The Danish language has no word for “please.” There are various ways to politely ask for things, and I know some of them, but there’s no single, easy word I can put at the end of a question that indicates that even though I don’t know the language well enough to politely ask this without horrendously mixing up and saying something completely wrong, I’m still trying. So I’ve been smiling a lot, and I’ve come to realize two things:
- I say “please” much more than I had previously thought. I’ve never been as please-happy as some Americans can be, and tend towards a philosophy of “courtesy through indirectness” – putting things in conditional tenses, asking “do you know?” instead of “can you please tell me?” and that sort of thing. Actually, I say please all the time. A glass of water, please, and oh, please, that’s ridiculous, and would you please get your chair the hell off my foot? Thanks.
- I don’t normally smile very much. Before anyone points out that it takes only a few muscles to smile, while you need some zillions to frown, I’d like to point out that there are many facial expressions beyond simple smiles and frowns. Wandering around slackjawed and drooling, for example, doesn’t strain any of your facial muscles at all. Much as I love my blank (er, I mean, subtle) facial expressions, though, I suspect that this is something I should pay attention to. Particularly when I’m in social settings in a completely new country where I know almost nobody and am trying to make friends. As antithetical to the spirit of snotty, arrogant “take me as I am or fuck off” blogging as this might sound, I happen to like it when people like me, and I don’t have any problems modifying a minor quirk so that people like me more.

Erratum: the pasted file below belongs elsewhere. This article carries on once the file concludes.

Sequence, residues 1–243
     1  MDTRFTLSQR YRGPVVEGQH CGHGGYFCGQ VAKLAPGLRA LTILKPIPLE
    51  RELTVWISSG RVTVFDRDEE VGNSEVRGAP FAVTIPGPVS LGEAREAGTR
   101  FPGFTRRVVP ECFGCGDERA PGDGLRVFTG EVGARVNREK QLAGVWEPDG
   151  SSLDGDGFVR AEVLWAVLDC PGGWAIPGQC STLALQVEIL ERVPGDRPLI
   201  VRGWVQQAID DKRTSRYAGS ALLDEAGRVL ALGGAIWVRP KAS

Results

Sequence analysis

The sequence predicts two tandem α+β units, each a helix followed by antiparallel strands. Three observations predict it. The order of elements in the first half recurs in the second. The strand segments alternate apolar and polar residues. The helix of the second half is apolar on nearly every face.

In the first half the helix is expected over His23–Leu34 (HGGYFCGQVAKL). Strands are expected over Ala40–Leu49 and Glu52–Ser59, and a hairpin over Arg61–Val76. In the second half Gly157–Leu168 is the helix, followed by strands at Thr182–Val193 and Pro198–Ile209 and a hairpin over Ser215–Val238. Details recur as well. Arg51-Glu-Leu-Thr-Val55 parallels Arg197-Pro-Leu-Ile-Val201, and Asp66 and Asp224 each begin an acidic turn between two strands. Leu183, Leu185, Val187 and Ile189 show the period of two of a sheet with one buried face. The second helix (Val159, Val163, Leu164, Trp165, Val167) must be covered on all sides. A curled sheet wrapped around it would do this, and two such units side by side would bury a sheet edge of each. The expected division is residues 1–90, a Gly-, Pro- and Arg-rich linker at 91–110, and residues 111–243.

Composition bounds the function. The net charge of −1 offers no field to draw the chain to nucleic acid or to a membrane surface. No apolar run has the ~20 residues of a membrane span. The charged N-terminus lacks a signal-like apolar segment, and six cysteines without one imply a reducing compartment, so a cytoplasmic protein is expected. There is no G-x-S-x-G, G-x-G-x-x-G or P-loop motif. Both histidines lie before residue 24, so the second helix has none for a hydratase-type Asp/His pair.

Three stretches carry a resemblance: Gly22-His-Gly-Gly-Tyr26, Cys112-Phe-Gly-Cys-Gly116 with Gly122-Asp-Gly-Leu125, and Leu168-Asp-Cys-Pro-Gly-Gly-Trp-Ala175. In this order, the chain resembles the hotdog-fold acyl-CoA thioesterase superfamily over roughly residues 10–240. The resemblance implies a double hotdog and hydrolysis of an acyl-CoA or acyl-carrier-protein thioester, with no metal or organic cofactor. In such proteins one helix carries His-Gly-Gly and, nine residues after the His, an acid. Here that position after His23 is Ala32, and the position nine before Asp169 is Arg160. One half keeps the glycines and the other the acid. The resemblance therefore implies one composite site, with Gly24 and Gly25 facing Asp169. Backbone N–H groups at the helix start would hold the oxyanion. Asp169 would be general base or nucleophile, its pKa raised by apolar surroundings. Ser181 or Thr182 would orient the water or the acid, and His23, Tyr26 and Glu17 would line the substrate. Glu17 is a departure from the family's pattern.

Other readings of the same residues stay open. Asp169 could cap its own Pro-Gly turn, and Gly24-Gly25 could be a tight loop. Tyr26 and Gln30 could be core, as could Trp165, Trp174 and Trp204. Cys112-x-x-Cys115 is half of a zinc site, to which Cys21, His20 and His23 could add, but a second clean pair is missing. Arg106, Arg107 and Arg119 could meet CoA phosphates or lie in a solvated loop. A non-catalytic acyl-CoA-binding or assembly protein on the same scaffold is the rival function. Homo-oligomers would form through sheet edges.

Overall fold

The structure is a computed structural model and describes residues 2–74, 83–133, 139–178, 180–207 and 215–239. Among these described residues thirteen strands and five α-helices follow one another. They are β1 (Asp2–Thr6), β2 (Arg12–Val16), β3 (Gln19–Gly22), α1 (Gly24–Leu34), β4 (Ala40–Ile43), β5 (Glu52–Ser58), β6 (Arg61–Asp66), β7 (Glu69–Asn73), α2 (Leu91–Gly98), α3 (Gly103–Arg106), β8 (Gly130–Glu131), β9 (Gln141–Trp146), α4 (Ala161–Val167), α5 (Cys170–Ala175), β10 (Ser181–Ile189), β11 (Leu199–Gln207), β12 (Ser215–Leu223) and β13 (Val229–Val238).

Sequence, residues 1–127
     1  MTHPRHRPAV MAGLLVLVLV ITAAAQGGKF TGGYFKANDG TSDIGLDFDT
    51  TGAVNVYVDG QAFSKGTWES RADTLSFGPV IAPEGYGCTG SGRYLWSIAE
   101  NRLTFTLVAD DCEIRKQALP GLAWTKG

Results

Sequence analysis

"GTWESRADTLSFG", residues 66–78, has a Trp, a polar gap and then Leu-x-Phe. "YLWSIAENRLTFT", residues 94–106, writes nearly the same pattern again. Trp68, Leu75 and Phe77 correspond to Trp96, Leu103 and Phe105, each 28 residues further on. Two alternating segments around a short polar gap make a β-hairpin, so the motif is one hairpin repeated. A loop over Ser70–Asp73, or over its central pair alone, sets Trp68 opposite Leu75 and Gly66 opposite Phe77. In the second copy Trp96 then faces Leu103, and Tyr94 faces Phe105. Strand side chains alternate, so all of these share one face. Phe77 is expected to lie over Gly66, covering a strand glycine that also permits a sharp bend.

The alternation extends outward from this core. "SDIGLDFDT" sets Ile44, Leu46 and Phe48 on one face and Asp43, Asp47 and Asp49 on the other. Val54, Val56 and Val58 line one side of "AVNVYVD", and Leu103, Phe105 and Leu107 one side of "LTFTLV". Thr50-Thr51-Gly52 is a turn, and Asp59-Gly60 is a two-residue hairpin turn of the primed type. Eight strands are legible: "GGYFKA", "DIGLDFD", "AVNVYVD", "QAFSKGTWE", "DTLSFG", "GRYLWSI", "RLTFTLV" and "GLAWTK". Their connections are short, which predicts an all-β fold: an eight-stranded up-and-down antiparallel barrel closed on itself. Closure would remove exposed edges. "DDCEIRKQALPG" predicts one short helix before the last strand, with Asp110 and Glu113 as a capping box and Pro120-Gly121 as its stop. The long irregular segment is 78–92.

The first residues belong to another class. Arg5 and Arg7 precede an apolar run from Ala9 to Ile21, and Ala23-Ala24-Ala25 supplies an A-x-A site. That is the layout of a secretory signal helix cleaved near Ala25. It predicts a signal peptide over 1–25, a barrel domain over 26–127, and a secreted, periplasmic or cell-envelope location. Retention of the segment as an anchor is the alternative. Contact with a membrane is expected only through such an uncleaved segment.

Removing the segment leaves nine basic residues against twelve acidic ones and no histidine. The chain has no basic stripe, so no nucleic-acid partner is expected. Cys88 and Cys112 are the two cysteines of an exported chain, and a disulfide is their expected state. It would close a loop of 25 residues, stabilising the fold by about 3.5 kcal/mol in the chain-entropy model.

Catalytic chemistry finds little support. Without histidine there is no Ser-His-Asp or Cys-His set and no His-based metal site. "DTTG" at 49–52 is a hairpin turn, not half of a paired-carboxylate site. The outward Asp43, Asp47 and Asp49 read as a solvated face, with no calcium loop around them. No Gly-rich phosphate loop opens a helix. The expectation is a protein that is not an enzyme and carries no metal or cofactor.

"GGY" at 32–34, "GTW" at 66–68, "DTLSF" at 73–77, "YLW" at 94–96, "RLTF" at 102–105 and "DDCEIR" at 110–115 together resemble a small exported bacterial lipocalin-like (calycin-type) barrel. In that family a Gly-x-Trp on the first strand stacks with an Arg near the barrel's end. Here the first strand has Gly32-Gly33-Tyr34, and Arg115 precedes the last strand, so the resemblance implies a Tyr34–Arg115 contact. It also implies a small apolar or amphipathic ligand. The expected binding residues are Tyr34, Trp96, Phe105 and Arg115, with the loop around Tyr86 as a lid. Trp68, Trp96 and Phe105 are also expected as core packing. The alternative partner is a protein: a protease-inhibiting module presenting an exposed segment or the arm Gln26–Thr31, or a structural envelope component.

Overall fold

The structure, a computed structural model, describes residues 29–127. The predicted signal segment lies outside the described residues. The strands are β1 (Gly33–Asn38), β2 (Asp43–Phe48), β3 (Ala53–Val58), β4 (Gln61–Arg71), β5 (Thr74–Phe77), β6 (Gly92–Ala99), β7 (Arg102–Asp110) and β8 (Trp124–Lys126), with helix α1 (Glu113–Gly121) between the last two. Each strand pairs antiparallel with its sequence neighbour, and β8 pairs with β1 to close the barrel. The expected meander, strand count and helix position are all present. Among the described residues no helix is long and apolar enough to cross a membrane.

Hmm. I’ve also realized that all my posts from Denmark have been to do with language quirks. The next one, I promise, will be a culture quirk or even a rambling introspection, even if I have to say something stupid about my new ability to buy beer.